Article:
We found that in female patients, circulating Ang-(1–7) levels was significantly higher in ACE2 rs2106809 CC or CT genotype than TT genotype. In the previous studies, Fan et al found that ACE2 rs2106809 T allele (TT + CT genotype) was a contributor to hypertension in women, and Patnaik et al found that ACE2 rs2106809 TT genotype is an independent risk factor for hypertension in Indian women. It is apparent that our finding can account for the previous studies perfectly. ACE2 rs2106809 TT genotype might be able to lower the circulating Ang-(1–7) levels through down-regulating ACE2 gene expression or decreasing ACE2 activity or other pathways. Besides, Ang-(1–7) exerts a variety of beneficial effects on cardiovascular system and plays a protective role in EH.[5–10] Therefore, ACE2 rs2106809 TT genotype might increase the susceptibility to EH by lowering Ang-(1–7) level.
In female patients, ACE2 rs2106809 CC or CT genotype carriers had higher circulating ACE2 levels than TT genotype carriers, but the difference failed to reach a significant level. This phenomenon is intriguing. ACE2 converts Ang II into Ang-(1–7), so it is at least one of the determinants of Ang-(1–7) level.[5–10] Moreover, rs2106809 is located at ACE2 gene and it might influence Ang-(1–7) level though regulating ACE2 level. It would be more reasonable that there was a significant difference in circulating ACE2 levels among genotypes. Although the finding seems unreasonable, some possible reasons could still account for it. First of all, the relatively small sample size would result in the failure to reach statistical significance. If the sample size was enlarged, circulating ACE2 level might have a chance to be significantly different among genotypes. Secondly, ACE2 is found not only in human serum, but also in a variety of tissues, including vascular endothelium, intrarenal vessels, renal tubular epithelium, and so on. Whats more, the tissue distribution of ACE2 varies considerably. Thus, we could speculate that ACE2 levels might differ significantly among genotypes in tissues like vascular endothelium or renal tubular epithelium, and then induce the difference in Ang-(1–7) levels among genotypes. Last but not the least, there is likely to be linkage disequilibrium between ACE2 rs2106809 and the functional SNPs in the genes for other enzymes that can alter Ang-(1–7) level. Apart from ACE2, Ang-(1–7) level can also be affected by many other enzymes. It can be elevated through its formation by prolylcarboxypeptidase (PRCP), NEP, prolyl endopeptidase (POP), thimet oligopeptidase (TOP), and be reduced through its degeneration by aminopeptidase A. In addition, there might be some unknown enzymes that could affect Ang-(1–7) levels. Therefore, it is reasonable to speculate that some functional SNPs in the genes for these enzymes might be in linkage disequilibrium with ACE2 rs2106809 and be responsible for the difference in Ang-(1–7) level among genotypes.
We speculated that ACE2 rs2106809 might have effects on the ACE2 levels. Although the difference in ACE2 levels among genotypes did not reach a significant level, the circulating ACE2 levels tend to be greater in CC or CT genotype compared with that in TT genotype. If the effects did exist, the mechanism should be speculated. One of the possible mechanisms can be the microRNA, which could modulate endothelial function via translational repression and/or posttranscriptional degradation. As we stated above, endothelial dysfunction is one of the main contributors to hypertension. In addition, it has been reported that microRNA might regulate RAAS expression via binding to the targeted sites of genes in preeclampsia. Thus, although ACE2 polymorphism rs2106809 is located in intron 1, a noncoding region of ACE2 gene, it is still possible to be in a microRNA-binding site or microRNA gene, and thereby has a potential to regulate gene expression by altering the miRNA–mRNA interaction.The second plausible mechanism can be the creation or disruption of a splicing motif, such as enhancer or silencer, and this may alter the splicing efficiency of ACE2. All these possible mechanisms should be explored in the future.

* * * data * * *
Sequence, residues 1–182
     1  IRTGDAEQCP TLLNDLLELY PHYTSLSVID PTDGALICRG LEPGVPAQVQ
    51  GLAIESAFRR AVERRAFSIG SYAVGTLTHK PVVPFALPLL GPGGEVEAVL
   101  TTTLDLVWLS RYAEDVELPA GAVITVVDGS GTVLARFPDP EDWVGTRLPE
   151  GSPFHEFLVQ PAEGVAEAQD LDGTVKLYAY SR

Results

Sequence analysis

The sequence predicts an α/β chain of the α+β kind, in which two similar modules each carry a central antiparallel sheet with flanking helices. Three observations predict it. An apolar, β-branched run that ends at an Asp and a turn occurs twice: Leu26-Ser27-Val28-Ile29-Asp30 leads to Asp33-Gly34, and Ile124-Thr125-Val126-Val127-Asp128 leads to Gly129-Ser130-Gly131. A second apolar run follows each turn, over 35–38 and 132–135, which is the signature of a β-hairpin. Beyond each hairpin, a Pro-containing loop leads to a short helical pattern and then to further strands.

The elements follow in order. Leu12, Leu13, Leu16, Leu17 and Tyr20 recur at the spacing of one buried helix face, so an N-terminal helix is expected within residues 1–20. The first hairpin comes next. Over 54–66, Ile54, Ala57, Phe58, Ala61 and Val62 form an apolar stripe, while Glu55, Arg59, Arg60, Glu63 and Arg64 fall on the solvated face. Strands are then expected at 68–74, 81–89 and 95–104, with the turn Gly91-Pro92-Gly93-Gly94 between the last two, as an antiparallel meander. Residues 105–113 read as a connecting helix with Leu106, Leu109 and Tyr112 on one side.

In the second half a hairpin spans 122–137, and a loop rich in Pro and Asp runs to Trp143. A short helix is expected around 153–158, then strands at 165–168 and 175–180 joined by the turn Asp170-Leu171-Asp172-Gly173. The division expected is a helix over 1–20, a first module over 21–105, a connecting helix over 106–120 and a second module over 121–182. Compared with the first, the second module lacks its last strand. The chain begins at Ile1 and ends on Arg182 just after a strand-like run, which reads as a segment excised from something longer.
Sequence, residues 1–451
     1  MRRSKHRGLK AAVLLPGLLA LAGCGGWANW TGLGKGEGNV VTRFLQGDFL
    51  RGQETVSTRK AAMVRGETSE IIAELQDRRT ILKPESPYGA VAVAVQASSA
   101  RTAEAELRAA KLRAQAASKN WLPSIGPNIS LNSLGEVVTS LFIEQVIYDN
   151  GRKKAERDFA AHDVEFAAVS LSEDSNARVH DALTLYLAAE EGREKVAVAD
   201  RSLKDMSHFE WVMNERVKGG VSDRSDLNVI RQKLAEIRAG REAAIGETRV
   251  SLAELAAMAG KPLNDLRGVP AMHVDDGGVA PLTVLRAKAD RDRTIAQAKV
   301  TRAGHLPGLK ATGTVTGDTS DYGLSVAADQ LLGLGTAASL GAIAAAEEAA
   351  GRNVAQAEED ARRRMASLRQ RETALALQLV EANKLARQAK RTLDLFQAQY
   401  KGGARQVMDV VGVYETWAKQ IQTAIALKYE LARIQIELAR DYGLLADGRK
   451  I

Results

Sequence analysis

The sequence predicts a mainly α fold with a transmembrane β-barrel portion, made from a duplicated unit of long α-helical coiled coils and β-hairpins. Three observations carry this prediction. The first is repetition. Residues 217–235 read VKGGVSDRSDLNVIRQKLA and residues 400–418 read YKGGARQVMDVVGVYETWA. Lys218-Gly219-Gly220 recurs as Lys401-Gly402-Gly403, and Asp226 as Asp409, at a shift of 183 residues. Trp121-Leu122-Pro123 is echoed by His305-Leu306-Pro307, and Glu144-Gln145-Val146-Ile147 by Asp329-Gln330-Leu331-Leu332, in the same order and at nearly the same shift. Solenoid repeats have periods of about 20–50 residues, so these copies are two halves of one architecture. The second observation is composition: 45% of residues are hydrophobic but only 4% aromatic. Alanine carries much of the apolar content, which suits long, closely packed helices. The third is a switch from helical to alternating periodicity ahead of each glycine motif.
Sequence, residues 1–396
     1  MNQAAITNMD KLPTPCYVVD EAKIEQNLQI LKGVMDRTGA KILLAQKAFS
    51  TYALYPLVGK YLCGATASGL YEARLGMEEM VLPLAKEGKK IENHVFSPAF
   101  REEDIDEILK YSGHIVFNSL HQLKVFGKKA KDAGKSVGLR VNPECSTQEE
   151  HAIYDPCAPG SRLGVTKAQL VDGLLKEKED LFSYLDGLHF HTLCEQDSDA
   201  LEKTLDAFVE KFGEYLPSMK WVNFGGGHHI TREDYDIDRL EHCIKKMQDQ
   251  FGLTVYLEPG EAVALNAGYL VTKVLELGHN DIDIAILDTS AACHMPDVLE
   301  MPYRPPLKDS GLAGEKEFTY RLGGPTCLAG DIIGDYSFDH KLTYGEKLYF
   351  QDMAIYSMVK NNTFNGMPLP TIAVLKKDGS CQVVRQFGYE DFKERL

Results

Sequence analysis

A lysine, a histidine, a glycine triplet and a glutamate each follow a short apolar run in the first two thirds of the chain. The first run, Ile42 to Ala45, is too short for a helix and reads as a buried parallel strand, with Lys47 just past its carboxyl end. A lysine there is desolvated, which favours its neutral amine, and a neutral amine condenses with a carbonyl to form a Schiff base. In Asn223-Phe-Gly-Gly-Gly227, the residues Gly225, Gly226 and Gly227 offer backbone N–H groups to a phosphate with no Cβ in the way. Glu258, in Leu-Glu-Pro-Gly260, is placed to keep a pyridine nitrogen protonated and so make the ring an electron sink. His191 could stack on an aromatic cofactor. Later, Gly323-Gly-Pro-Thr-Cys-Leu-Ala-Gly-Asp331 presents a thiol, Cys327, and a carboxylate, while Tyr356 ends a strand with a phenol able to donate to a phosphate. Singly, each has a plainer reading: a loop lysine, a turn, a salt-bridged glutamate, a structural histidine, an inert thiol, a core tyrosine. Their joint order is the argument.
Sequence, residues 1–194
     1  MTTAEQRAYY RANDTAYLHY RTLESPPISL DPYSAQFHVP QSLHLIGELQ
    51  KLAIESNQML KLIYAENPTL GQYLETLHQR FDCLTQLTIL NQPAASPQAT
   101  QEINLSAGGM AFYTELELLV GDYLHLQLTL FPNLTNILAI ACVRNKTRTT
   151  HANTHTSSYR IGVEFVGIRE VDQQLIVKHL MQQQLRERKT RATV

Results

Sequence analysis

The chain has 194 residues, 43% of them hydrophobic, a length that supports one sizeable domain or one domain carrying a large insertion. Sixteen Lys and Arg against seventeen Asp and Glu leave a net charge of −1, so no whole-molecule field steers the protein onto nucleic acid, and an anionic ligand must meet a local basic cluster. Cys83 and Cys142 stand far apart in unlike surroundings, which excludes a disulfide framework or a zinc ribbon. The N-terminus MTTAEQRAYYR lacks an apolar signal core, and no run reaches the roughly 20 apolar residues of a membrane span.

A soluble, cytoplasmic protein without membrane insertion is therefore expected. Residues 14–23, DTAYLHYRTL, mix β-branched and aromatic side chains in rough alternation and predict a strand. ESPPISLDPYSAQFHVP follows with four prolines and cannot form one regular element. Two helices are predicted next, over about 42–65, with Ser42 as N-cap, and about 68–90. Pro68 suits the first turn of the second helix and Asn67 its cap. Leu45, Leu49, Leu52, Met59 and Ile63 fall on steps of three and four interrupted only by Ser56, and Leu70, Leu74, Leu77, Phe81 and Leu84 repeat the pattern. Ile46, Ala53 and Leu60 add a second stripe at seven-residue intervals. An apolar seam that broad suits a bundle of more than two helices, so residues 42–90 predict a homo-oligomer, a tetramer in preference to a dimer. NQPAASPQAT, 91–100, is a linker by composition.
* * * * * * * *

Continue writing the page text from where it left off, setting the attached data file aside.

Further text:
In the present study, there was no significant relationship between circulating ACE2 or Ang-(1–7) levels and blood pressure, though it was previously reported that Ang-(1–7) and ACE2 counteracted the actions of Ang II. Nevertheless, our finding could be reasonable. The RAAS is a complex system and has at least 2 axes, as we mentioned above, to balance each other. The alteration of ACE2-Ang-(1–7)-MAS axis may induce the corresponding change of its counter-regulatory axis to balance the whole system. The effects of ACE2-Ang-(1–7)-MAS axis on blood pressure might be nullified by ACE–Ang II–AT1R axis.
There are several limitations that should be mentioned. Firstly, ACE2 and Ang-(1–7) levels should be assessed not just in human blood, but also in other tissues, especially in vascular endothelium. Vascular endothelial dysfunction is proven to be involved in the pathophysiology of EH and regulated by genetic factor. Thus, it will be better to assess ACE2 and Ang-(1–7) levels in tissues like vascular endothelium. Secondly, the possible mechanisms of actions, such as microRNA and creation or disruption of a splicing motif, should be explored further. Thirdly, the present study did not assess the circulating ACE2 activity while it might differ among ACE2 genotypes. Fourthly, more SNPs should be selected and genotyped to search for some potential SNPs in the genes for other enzymes that can alter Ang-(1–7) level and find out whether these SNPs are in linkage disequilibrium with ACE2 rs2106809. Finally, we did not evaluate the level of ACE–Ang II–AT1R axis simultaneously and could not know whether it was the ACE–Ang II–AT1R axis that nullified the effects of ACE2-Ang-(1–7)-MAS axis on blood pressure.
In conclusion, ACE2 polymorphism rs2106809 may be a determinant of the circulating Ang-(1–7) level in female patients with hypertension, suggesting a genetic association between circulating Ang-(1–7) levels and ACE2 gene polymorphisms in patients with hypertension. It will help us gain a better understanding of the relationship between hereditary factors and EH.
The authors thank Mr Xiangfeng Dou (Department of Epidemiology, Beijing Center for Disease Prevention and Control, Beijing 100013, PR China) for his help in statistical analysis.